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Physical access to primary health care in Andean Bolivia


  • Perry, Baker
  • Gesler, Wil


Limited physical access to primary health care is a major factor contributing to the poor health of populations in developing countries, particularly in mountain areas with rugged topography, harsh climates and extensive socioeconomic barriers. Assessing physical access to primary health care is an important exercise for health care planners and policy makers. The development of geographic information system (GIS) technology has greatly improved this assessment process in industrialized countries where digital cartographic data are widely available. In developing countries -- particularly in mountain areas, however, detailed cartographic data, even in hardcopy form, are nonexistent, inaccurate or severely lacking. This paper uses GIS technology to assess physical access to primary health care in a remote and impoverished region of Andean Bolivia. In addition, it proposes an alternative model of health personnel distribution to maximize physical accessibility. Methods involved extensive fieldwork in the region, utilizing GPS (global positioning system) technology in the development of the GIS and gathering other pertinent health data for the study. Satellite imagery also contributed to the development of the GIS and in the modeling process. The results indicate significant variation in physical access to primary health care across the three study sites. More importantly, this paper highlights the use of GIS technology as a powerful tool in improving physical accessibility in mountain areas of developing countries.

Suggested Citation

  • Perry, Baker & Gesler, Wil, 2000. "Physical access to primary health care in Andean Bolivia," Social Science & Medicine, Elsevier, vol. 50(9), pages 1177-1188, May.
  • Handle: RePEc:eee:socmed:v:50:y:2000:i:9:p:1177-1188

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    References listed on IDEAS

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    Cited by:

    1. Tanser, Frank & Gijsbertsen, Brice & Herbst, Kobus, 2006. "Modelling and understanding primary health care accessibility and utilization in rural South Africa: An exploration using a geographical information system," Social Science & Medicine, Elsevier, vol. 63(3), pages 691-705, August.
    2. John Gibson & David McKenzie, 2007. "Using the Global Positioning System (GPS) in Household Surveys For Better Economics and Better Policy," Working Papers in Economics 07/04, University of Waikato.
    3. Benjamin Johns & Rob Baltussen, 2004. "Accounting for the cost of scaling-up health interventions," Health Economics, John Wiley & Sons, Ltd., vol. 13(11), pages 1117-1124.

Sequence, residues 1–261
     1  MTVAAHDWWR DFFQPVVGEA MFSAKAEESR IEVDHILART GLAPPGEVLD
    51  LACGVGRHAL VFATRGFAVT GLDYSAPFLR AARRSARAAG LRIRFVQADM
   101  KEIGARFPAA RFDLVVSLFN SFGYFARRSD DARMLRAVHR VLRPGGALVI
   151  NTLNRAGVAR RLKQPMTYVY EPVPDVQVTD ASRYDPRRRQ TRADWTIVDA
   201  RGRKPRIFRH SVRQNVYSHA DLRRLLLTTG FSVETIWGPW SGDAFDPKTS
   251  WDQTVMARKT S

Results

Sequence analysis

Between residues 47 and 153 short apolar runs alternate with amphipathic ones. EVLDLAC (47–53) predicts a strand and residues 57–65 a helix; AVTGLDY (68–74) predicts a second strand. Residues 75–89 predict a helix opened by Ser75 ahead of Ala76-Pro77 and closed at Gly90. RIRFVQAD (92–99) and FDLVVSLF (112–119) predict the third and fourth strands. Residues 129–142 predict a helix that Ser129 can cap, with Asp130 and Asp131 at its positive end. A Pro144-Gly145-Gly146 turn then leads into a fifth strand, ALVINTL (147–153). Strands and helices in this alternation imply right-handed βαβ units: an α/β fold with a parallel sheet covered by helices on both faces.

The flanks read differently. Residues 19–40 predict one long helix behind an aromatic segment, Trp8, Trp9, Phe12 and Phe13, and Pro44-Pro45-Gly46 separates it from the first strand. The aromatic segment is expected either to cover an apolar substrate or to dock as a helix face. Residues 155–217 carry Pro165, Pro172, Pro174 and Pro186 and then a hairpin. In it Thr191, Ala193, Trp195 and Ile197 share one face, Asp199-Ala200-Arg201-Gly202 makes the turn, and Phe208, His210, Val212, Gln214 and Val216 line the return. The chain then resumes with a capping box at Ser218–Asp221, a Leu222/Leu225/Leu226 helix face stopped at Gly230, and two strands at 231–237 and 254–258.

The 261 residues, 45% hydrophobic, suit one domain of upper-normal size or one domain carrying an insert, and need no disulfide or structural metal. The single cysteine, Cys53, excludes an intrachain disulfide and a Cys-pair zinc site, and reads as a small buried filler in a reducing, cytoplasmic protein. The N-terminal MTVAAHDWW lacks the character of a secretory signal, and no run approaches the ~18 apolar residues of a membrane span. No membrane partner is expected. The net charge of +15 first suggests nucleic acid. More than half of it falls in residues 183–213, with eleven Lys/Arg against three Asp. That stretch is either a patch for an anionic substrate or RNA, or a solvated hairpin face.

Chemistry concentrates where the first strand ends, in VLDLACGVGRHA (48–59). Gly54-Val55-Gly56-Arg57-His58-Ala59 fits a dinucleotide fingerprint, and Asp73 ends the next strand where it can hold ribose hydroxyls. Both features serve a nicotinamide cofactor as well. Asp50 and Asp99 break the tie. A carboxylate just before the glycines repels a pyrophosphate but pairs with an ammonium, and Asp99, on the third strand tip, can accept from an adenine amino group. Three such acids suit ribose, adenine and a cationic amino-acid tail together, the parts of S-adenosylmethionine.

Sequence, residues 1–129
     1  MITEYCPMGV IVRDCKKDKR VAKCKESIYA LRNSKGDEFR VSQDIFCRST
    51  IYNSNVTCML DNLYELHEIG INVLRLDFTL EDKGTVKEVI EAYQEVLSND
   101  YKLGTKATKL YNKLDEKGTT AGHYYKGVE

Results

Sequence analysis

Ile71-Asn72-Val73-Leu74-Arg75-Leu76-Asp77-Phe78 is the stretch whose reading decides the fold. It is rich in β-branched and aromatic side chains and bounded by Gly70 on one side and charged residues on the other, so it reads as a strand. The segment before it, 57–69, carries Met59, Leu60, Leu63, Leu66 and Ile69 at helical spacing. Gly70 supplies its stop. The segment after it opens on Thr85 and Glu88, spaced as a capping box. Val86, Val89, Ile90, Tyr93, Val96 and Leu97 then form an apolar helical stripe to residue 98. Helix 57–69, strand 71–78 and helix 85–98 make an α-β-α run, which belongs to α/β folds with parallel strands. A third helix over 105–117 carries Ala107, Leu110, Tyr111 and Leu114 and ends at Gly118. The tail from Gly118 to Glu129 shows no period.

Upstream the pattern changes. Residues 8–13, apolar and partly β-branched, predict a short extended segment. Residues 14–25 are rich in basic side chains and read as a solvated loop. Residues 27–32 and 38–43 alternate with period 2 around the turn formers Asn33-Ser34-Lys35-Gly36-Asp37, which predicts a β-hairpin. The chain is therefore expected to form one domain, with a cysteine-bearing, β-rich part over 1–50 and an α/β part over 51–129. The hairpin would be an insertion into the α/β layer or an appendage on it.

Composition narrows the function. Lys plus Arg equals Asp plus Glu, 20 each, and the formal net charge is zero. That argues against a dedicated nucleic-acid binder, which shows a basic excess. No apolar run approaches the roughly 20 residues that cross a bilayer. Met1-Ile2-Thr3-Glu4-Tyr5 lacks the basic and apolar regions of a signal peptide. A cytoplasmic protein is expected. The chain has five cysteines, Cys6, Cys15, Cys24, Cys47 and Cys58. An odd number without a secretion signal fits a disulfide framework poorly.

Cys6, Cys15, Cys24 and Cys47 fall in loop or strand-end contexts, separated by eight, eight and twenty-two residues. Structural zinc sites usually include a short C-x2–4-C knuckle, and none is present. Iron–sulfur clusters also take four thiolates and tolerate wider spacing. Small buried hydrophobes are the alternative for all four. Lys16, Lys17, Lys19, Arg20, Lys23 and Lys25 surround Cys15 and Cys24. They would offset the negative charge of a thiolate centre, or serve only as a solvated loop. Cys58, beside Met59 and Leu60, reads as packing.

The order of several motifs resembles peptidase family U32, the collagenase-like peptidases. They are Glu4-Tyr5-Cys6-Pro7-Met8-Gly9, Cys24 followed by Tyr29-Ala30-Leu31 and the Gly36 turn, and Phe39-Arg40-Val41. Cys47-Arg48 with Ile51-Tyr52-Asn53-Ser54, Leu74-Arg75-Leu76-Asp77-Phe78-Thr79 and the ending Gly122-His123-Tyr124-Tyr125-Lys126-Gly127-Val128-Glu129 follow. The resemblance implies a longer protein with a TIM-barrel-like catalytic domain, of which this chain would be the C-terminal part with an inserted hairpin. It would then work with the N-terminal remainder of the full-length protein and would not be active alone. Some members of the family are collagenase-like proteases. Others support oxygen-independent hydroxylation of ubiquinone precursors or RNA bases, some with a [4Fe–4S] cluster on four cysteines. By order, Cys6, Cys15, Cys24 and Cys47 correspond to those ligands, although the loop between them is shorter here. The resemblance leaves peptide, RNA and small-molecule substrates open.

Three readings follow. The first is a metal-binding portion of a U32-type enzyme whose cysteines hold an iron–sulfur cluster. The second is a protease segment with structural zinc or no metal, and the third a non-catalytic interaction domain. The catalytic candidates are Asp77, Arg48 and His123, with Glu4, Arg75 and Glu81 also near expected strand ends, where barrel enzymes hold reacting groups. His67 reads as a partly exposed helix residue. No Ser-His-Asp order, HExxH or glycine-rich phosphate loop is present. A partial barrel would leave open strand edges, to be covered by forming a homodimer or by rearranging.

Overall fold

4. Johns, Benjamin & Steinhardt, Laura & Walker, Damian G. & Peters, David H. & Bishai, David, 2013. "Horizontal equity and efficiency at primary health care facilities in rural Afghanistan: A seemingly unrelated regression approach," Social Science & Medicine, Elsevier, vol. 89(C), pages 25-31.
    5. Gibson, John & McKenzie, David, 2007. "Using the global positioning system in household surveys for better economics and better policy," Policy Research Working Paper Series 4195, The World Bank.
    6. Panelli, Ruth & Gallagher, Lou & Kearns, Robin, 2006. "Access to rural health services: Research as community action and policy critique," Social Science & Medicine, Elsevier, vol. 62(5), pages 1103-1114, March.
    7. Yao, Jing & Murray, Alan T. & Agadjanian, Victor, 2013. "A geographical perspective on access to sexual and reproductive health care for women in rural Africa," Social Science & Medicine, Elsevier, vol. 96(C), pages 60-68.
    8. Deshpande, Kirti & RaviShankar & Diwan, Vishal & Lonnroth, Knut & Mahadik, Vijay Kumar & Chandorkar, Ram Krishna, 2004. "Spatial pattern of private health care provision in Ujjain, India: a provider survey processed and analysed with a Geographical Information System," Health Policy, Elsevier, vol. 68(2), pages 211-222, May.
    9. Murawski, Lisa & Church, Richard L., 2009. "Improving accessibility to rural health services: The maximal covering network improvement problem," Socio-Economic Planning Sciences, Elsevier, vol. 43(2), pages 102-110, June.
    10. John Gibson & Xiangzheng Deng & Geua Boe-Gibson & Scott Rozelle & Jikun Huang, 2008. "Which Households Are Most Distant from Health Centers in Rural China? Evidence from a GIS Network Analysis," Working Papers in Economics 08/19, University of Waikato.
    11. Firat Bilgel & Burhan Can Karahasan, 2017. "Self-Rated Health and Primary Care Utilization: Is Selection into Healthcare Endogenously Determined?," Working Papers 1079, Economic Research Forum, revised 04 Jun 2017.

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